Barring a lottery win or a fat inheritance, starting to save early, so money can compound over many decades, is really the only way most younger savers are going to arrive at retirement age with a decent nest egg.

3. Wage war on fees 

This means, first, knowing what fees you are paying for different investment accounts. Many people have no idea, particularly when it comes to retirement savings accounts such as 401(k) plans. A Department of Labor rule saying plans must provide participants with fee disclosure has made that information more easily available.

Once you find that information, your plan probably won’t note whether those fees are low, average, or high compared to similar funds. You can get a rough sense of it at

4. Check your asset mix

If you have multiple investment accounts outside your 401(k), or just multiple 401(k)s, it can be hard to know what percentage of your assets are in cash equivalents, bonds, and stocks. What is the optimal mix?

Everyone’s situation and risk tolerance are different, but the asset allocation in target-date funds gives a sense of what some large investment companies think is ideal.

5. Know your risk tolerance 

To guard against getting too stressed by market swings, investors may want to separate their money in different buckets. Money can be tied to short-, medium- and long-term goals, with each bucket having a different risk profile.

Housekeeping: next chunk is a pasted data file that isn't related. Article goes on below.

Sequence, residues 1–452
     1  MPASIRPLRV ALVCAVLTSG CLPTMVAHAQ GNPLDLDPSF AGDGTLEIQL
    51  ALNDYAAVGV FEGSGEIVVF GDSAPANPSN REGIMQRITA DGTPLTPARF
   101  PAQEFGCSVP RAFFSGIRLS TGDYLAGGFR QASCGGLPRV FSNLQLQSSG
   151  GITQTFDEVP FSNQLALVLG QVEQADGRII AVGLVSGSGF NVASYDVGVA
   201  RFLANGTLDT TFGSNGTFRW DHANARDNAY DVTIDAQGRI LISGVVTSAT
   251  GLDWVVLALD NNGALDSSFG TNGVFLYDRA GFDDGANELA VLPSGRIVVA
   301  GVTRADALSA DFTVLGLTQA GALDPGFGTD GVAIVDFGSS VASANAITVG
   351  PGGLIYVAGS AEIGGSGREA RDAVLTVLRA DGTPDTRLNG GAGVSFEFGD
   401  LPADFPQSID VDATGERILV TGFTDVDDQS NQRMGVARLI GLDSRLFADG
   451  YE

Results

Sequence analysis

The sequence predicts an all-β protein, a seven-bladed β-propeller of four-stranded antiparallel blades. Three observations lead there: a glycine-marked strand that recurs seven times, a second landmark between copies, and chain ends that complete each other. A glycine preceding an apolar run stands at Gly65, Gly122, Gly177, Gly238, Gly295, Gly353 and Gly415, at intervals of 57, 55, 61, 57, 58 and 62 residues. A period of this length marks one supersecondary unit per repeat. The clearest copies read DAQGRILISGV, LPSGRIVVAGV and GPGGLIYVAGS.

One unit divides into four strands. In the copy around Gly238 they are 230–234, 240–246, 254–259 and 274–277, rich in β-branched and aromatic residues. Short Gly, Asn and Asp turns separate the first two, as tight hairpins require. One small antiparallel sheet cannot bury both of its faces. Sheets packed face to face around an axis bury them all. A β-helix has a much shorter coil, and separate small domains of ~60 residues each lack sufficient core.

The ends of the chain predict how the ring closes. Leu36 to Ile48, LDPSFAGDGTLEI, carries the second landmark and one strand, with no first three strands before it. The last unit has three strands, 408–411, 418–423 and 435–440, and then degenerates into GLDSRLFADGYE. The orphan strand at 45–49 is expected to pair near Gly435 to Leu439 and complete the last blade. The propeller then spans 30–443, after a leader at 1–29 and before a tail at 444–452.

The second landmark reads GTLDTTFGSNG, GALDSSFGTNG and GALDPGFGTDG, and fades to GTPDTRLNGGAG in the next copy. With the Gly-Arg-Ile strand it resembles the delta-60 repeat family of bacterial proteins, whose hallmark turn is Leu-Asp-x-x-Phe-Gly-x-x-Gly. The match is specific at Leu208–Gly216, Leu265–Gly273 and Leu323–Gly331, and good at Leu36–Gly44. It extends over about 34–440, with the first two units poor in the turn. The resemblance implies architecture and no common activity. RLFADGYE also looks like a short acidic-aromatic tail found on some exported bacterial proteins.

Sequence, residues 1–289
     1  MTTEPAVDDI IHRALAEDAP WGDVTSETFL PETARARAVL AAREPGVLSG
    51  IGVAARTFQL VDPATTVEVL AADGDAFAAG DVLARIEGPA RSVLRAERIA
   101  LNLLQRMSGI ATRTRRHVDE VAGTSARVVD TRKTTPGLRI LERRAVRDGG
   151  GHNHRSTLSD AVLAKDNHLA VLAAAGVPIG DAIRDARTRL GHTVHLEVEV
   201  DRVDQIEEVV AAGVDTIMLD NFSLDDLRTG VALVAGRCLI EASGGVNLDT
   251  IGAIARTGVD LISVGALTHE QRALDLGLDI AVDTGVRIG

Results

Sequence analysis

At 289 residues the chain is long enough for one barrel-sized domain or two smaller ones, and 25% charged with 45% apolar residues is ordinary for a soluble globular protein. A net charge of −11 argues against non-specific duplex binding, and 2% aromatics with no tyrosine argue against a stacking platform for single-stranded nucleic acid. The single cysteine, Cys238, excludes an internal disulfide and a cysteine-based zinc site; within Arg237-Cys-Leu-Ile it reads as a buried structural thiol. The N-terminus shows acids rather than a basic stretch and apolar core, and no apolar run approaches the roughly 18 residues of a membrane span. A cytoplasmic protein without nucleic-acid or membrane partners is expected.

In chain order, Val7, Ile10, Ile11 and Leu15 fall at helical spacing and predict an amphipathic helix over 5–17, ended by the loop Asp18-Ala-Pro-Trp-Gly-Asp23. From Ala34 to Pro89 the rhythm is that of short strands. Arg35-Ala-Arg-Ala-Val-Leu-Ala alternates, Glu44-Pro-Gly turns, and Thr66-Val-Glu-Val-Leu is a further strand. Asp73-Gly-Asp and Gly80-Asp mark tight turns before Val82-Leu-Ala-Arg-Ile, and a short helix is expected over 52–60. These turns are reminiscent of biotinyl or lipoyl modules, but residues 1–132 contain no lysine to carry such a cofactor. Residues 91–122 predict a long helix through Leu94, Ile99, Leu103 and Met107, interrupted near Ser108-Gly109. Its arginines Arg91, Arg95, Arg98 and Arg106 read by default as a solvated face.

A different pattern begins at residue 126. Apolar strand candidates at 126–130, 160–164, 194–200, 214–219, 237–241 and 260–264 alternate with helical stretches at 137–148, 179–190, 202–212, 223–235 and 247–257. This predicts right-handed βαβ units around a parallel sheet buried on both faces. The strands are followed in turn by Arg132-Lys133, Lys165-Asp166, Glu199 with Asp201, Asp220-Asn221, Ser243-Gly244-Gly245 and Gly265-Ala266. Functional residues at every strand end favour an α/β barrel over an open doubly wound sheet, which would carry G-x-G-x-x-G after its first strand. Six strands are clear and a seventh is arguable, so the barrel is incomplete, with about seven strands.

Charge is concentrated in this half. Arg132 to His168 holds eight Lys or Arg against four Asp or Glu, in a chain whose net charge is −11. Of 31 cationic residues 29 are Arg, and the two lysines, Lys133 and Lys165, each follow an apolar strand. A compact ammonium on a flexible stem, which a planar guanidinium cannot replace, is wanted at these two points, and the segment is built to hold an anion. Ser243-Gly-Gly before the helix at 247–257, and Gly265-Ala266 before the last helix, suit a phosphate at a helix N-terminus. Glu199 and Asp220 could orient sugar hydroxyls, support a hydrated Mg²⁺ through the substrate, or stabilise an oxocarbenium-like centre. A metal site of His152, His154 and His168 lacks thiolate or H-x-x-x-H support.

6. Be an employee benefits ninja

If you’re offered a flexible spending program or the ability to pay your commuting costs with pre-tax money, take the time to learn about them. You’ll get more mileage out of your money and lower your income taxes to boot. Making the most of tax-advantaged perks is a small way to give yourself a raise in a time of stagnating wages.

Employers have been shifting more costs to employees, often through the use of high-deductible health-care plans. Companies’ adoption of such plans may slow next year, according to a survey of more than 100 large U.S. employers. Employers are waiting to see if lawmakers repeal Obamacare’s “Cadillac tax” on high-cost health coverage, which is a levy on individual health premiums greater than $10,200.